The number of bacteria harbored in the gallbladders of mice with gallstones increased over time, becoming abundant within 21 days, and was significantly higher than bacteria in mice that did not have any stones. No bacteria were detected in mice that weren't given the infection, even if they had gallstones.
In the infected mice, the Salmonella bacteria also could be seen in the gallbladder lining and in bile as well as on the surface of the gallstones. The gallstones were the focus of this study because Gunn's lab has determined in previous experiments that Salmonellae are attracted to cholesterol-coated surfaces.
There are two common types of gallstones -- cholesterol stones and brown or black stones composed primarily of calcium bilirubinate, which can be found in bile. Gunn's test-tube research to date had suggested that Salmonella Typhi bacteria bind particularly well to cholesterol gallstones to form biofilms, and this current study supported that.
Three weeks after infection, biofilms covered about 50 percent of the surfaces of the gallstones removed from the infected mice.
"What we think is that having gallstones makes you more susceptible to becoming a carrier because it provides that environment for Salmonella to bind to the surface, form a biofilm and establish infection," Gunn said. "Whether that happens 100 percent of the time, nobody knows."
In a second component of the mouse study, the researchers tested fresh fecal pellets from infected mice to test the association between gallstone biofilms and transmission of a typhoid-like infection via feces, a phenomenon called "shedding." The mice with gallstones shed three times more bacteria than did infected mice without gallstones.
"The mice that had gallstones and were infected with bacteria had a much higher rate of shedding, meaning those bacteria were released, probably because they had more bacteria in the gallbladder itself," Gunn said.
The mouse data not only supported Gunn's hypothesis that gallstones present at least one surface on which Salmonella biofilms form and maintain the carrier state of typhoid fever. The researchers also realized they had developed a new mouse model for further study of asymptomatic typhoid carriage.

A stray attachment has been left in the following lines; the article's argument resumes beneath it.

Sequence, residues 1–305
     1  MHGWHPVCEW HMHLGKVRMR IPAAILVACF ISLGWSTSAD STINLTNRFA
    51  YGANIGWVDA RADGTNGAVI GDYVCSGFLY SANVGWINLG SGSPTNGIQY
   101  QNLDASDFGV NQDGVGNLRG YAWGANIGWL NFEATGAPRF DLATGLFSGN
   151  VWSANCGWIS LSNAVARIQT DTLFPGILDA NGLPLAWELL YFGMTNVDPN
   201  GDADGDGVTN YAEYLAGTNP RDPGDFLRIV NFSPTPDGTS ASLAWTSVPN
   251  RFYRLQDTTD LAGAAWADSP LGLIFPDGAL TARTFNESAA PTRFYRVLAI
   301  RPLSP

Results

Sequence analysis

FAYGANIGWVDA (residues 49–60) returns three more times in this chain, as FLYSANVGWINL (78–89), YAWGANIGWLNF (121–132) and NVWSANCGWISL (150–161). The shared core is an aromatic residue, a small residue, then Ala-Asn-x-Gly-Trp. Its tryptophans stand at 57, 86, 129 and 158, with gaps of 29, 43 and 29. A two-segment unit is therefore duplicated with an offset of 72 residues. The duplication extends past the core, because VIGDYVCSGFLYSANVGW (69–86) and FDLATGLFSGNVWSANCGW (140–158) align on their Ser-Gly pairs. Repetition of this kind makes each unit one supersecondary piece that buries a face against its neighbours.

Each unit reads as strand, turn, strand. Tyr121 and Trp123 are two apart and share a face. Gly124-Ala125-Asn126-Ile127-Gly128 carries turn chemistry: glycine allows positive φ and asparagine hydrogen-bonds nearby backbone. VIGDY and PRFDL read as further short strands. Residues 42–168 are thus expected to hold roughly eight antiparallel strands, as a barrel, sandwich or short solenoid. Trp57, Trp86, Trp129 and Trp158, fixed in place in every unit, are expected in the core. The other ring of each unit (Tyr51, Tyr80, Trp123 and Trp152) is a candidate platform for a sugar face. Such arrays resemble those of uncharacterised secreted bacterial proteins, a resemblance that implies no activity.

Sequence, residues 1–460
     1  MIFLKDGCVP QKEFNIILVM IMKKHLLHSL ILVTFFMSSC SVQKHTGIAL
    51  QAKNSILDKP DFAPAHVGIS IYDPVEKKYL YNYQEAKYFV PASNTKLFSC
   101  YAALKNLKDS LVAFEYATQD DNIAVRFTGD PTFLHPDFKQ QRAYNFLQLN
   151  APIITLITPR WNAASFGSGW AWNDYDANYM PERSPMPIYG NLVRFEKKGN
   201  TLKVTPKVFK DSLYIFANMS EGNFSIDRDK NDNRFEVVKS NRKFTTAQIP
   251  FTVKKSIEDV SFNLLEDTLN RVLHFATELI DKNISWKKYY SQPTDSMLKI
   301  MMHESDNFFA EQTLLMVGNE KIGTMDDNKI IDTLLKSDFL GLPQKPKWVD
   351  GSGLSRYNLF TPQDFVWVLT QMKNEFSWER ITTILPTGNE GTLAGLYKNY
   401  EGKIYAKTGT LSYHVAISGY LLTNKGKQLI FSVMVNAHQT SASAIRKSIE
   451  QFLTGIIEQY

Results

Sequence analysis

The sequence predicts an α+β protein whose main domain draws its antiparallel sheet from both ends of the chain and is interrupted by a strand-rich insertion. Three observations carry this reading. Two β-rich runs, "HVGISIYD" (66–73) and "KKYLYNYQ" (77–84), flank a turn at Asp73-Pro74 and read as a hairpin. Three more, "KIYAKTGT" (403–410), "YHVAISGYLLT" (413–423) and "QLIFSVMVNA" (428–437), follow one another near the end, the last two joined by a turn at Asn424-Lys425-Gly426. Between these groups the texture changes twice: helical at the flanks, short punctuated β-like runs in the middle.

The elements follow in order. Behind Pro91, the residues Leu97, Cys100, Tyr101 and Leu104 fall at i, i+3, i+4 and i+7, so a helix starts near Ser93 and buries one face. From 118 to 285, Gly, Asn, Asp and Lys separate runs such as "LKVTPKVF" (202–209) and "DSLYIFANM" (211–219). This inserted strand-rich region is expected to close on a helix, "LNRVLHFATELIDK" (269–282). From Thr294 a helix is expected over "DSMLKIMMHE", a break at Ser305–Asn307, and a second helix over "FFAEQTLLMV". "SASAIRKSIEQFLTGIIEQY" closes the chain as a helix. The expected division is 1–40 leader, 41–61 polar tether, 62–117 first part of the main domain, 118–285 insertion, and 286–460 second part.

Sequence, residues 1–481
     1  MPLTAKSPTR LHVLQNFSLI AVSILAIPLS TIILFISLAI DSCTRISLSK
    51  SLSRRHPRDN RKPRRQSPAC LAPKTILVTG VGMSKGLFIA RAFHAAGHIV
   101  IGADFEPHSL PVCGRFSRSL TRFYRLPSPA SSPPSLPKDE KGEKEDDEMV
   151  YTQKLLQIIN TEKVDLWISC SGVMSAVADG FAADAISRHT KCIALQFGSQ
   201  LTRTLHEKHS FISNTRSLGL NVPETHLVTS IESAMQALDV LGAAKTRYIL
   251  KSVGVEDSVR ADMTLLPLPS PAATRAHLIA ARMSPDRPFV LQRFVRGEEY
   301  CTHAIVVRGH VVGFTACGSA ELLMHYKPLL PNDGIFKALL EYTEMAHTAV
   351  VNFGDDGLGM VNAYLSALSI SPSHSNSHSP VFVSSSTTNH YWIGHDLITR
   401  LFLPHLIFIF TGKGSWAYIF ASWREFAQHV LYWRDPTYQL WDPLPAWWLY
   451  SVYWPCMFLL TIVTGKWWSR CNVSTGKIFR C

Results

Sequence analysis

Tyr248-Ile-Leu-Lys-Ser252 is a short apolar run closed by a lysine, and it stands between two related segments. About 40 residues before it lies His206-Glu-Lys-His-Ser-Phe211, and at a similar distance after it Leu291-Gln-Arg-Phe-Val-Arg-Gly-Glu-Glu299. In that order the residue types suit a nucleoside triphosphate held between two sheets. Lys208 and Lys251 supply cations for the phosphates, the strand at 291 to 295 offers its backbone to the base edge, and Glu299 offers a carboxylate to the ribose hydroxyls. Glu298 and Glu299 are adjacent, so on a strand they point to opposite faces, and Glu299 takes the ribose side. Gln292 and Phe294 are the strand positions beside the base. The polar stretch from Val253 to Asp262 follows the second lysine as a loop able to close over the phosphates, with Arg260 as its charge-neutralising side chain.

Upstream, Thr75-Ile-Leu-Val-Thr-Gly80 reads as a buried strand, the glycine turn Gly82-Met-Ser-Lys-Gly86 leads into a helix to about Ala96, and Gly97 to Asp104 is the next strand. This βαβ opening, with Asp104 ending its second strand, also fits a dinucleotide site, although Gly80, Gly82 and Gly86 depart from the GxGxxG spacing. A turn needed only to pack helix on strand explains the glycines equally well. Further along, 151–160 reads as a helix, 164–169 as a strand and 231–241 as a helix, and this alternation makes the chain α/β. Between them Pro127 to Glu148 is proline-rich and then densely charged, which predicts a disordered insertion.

Gunn and colleagues also obtained data from humans at a hospital in Mexico whose gallbladders were removed as a treatment for gallstone complications. Though none of the patients had ever shown symptoms for typhoid fever, 5 percent of them ended up being carriers of Salmonella Typhi bacteria biofilms on their gallstones. In the single patient determined to be a typhoid carrier who didn't have biofilm on his gallstones, the stones were dark in color, suggesting they were likely composed of something other than cholesterol, Gunn said.
This ability of a single individual to harbor latent bacteria elsewhere in the gallbladder leads Gunn and colleagues to suspect that biofilms can form elsewhere in the gallbladder -- perhaps in its lining or persisting within specific cells of the gallbladder wall. Gunn's lab is exploring those possibilities.
This work is supported by the National Institutes of Health and a graduate education fellowship from Ohio State's Public Health Preparedness for Infectious Diseases initiative.
Co-authors of the study are Robert Crawford of the Center for Microbial Interface Biology and Department of Molecular Virology, Immunology and Medical Genetics at Ohio State; Roberto Rosales-Reyes and María de la Luz Ramírez-Aguilar of the Universidad Nacional Autonoma de Mexico; Oscar Chapa-Azuela of Hospital General de Mexico; and Celia Alpuche-Aranda of the Instituto Nacional de Referencia Epidemiologica in Mexico.